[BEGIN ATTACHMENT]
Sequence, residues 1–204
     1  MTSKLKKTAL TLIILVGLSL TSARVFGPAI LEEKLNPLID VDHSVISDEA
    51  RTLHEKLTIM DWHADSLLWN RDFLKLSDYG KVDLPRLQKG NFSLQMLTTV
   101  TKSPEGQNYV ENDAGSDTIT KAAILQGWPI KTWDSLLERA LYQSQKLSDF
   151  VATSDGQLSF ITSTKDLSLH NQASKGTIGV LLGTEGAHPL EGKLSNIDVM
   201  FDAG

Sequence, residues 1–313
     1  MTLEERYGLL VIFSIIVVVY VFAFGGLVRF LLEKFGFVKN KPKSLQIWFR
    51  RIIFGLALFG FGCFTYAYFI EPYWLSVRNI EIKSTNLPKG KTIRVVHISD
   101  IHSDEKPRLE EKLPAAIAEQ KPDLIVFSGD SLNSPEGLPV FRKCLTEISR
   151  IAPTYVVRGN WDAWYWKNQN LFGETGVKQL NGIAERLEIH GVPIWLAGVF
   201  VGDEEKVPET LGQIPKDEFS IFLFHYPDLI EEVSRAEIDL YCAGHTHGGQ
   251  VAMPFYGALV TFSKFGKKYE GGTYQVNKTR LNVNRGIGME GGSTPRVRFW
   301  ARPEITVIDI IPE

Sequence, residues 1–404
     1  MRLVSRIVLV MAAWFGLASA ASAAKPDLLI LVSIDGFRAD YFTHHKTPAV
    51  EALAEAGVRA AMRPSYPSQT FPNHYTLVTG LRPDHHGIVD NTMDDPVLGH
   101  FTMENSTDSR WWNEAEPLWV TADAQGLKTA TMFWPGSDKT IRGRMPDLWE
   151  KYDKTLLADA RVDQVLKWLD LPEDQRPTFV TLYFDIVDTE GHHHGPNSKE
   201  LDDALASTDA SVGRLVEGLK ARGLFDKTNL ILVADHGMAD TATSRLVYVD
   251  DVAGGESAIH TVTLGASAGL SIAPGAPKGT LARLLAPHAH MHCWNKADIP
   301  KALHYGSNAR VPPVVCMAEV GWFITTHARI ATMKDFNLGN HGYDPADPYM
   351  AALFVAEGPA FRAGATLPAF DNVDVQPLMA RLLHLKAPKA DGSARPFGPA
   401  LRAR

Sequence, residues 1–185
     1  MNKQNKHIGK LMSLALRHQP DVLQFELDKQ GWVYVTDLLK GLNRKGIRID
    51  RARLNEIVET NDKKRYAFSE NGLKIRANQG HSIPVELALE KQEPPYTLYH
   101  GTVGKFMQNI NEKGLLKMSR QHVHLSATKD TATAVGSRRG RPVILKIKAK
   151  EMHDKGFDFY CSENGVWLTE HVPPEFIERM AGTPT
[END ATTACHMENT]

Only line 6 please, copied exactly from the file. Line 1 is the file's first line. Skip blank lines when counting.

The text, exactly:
   201  FDAG